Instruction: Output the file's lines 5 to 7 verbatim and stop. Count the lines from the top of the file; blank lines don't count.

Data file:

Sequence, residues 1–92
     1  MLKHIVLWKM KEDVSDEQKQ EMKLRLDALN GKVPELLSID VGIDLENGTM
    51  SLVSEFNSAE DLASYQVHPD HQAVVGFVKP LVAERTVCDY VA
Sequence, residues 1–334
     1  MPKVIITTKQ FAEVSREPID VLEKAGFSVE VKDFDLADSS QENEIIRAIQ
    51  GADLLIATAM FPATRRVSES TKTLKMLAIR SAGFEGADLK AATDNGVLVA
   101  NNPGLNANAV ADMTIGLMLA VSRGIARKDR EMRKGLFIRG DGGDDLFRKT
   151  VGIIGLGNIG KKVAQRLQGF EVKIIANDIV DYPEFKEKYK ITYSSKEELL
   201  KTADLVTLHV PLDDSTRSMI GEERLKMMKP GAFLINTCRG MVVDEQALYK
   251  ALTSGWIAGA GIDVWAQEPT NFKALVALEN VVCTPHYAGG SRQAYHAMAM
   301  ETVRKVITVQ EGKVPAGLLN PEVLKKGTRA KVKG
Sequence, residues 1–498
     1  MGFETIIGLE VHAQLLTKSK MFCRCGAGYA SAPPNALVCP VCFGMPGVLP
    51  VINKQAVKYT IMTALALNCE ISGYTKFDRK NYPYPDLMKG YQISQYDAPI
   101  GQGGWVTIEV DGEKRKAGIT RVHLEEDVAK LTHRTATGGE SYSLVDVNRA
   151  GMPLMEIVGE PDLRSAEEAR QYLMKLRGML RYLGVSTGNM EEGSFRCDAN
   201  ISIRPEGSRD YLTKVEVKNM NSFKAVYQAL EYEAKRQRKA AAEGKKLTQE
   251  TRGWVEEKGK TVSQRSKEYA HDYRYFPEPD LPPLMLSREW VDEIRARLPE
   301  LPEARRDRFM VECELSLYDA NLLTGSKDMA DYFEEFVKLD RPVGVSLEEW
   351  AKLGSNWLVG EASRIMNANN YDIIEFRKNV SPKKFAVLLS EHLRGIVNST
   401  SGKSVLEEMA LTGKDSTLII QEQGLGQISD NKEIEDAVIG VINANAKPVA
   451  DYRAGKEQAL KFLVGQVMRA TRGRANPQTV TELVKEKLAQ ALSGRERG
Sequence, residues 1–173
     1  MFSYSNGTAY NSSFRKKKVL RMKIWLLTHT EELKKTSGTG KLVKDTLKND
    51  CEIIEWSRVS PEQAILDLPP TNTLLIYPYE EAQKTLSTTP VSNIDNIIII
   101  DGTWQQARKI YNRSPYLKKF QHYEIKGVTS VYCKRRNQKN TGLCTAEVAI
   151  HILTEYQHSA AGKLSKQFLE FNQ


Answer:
     1  MPKVIITTKQ FAEVSREPID VLEKAGFSVE VKDFDLADSS QENEIIRAIQ
    51  GADLLIATAM FPATRRVSES TKTLKMLAIR SAGFEGADLK AATDNGVLVA
   101  NNPGLNANAV ADMTIGLMLA VSRGIARKDR EMRKGLFIRG DGGDDLFRKT